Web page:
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Safe And Secure: How The Government Screens Visiting Foreign Nationals

On New Years day I attended a local movie theater with my family and while in line to purchase the obligatory treats I received a phone call from a client who happened to have the first name of Osama. I answered the phone and greeted him by name and inquired as to how things were in Kuwait, I then realized that I had the attention of the entire theater. With every eye on me and every ear waiting for what Osama might have to say, I prudently excused myself and exited the theater for a little more privacy.

9/11 changed us.

It changed how we feel about airports, traveling and the evening news. It changed the way we look at each other, the way we interact and the feelings associated with people who look or dress differently. For the first time Americans felt vulnerable and threatened. This fear made us reexamine our immigration policies and the methods used to screen foreign nationals intending to visit or immigrate to our country. It brought immigration to the forefront of our collective conscience requiring our leaders to think in terms of national security. Friend or foe, Americans want to know who is coming to the U.S. and why.

Our government appears to share this concern as evidenced by the introduction of a complex series of security measures intended to identify and remove those individuals who may seek to harm this country. These new immigration procedures, many of which are controversial, were designed to enhance our ability to examine the threat potential of each visitor and to streamline visa processing. In a post 9/11 world security is everything and foreign nationals who wish to visit the United States can plan on the following security requirements.


When applying for a visa abroad or for an immigration benefit here in the U.S. applicants must submit to an initial security name check. The applicant's name is submitted by the U.S. Embassy or Immigration Service to be matched against similarly spelled names found in a labyrinth of databanks provided by such agencies as the CIA, FBI and NSA, U.S. State Department and Homeland Security. These databases include FBI's National Crime Information Center or NCIS with over eight million criminal records, the Consular Lookout and Support System or CLASS with more than 18 million names to watch and TIPOFF, which is a classified database of approximately 120,000 records and includes the names of suspected terrorists.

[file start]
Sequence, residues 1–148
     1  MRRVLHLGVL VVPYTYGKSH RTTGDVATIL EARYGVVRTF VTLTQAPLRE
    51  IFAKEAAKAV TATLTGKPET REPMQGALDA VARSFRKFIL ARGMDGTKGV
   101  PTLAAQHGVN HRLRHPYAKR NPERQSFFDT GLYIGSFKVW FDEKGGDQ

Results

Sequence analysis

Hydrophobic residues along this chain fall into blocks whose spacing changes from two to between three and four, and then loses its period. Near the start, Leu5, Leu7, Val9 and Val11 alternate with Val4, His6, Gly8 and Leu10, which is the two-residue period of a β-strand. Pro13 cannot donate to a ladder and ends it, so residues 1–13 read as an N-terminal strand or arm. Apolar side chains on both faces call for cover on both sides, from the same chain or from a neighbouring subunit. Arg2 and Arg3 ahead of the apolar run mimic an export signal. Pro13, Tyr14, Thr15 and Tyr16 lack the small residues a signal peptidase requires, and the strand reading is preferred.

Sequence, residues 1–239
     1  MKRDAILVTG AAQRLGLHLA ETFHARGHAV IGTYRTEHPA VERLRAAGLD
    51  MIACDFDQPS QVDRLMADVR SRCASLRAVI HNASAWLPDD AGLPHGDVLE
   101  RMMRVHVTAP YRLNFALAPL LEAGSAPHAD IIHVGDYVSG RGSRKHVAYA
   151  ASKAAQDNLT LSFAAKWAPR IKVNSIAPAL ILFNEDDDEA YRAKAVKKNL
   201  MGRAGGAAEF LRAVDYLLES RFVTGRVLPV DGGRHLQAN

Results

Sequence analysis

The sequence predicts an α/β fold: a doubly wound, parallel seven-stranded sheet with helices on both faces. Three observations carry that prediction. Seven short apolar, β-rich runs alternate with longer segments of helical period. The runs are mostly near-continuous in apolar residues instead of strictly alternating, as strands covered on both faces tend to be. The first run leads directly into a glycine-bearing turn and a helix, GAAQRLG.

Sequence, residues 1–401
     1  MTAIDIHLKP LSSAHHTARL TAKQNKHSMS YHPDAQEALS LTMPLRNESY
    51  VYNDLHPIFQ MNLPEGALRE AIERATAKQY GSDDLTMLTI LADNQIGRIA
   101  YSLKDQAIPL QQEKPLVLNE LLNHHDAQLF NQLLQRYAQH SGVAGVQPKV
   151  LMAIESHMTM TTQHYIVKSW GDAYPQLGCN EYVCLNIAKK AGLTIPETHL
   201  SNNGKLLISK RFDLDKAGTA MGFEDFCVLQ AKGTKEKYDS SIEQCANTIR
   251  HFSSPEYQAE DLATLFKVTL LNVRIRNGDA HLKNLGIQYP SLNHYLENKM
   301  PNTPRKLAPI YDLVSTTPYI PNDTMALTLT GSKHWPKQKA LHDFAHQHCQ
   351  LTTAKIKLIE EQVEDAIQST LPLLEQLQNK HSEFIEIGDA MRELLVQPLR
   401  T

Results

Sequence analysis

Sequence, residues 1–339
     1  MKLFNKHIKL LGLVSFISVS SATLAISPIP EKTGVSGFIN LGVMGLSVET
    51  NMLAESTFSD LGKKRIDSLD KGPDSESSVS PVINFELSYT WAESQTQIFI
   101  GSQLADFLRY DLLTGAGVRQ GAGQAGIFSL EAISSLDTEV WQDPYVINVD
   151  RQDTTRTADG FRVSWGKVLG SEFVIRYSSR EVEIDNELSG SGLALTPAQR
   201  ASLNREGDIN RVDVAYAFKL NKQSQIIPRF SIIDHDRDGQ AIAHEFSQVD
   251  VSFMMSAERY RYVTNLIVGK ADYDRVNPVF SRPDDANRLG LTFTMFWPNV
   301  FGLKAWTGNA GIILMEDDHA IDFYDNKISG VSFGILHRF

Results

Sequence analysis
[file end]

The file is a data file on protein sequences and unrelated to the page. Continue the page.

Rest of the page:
On each application consular officers and immigration officials check the appropriate databases for a match or a similar name that has been flagged as a possible or proven threat to the U.S. All of this information is constantly updated and available to each and every consular officer abroad and for immigration officials here at home. Congressional reaction to 9/11 mandated this unprecedented level of accessibility and cooperation in the form of the USA Patriot Act, Border Security Act and the Intelligence Reform Act.

The specific database used by the consular officer depends upon the type of visa. A visitor applying at an embassy or consulate will have his or her name processed through specific databases depending on the type of application submitted or purpose for the visit. Clearance through these checks is mandatory before a visa may be issued. There are three main types of checks known as:


Refers to a check done mostly off the information provided on the application for a visa and focuses on applicants with a potential terrorist connection. This usually means that they are from a Muslim dominated country. Processing of a visa can be held up by this check by as long as 90 days.


This check is designed to ensure that sensitive technology is not stolen or inappropriately shared with those who would use it to harm the United States. If the visa applicant might be involved with a "critical -field" technology in the U.S. which could have a dual-use such as military or national security application, this check will be done to screen out a high-risk applicant. This check may delay the applicant's visa approval by at least 30 days.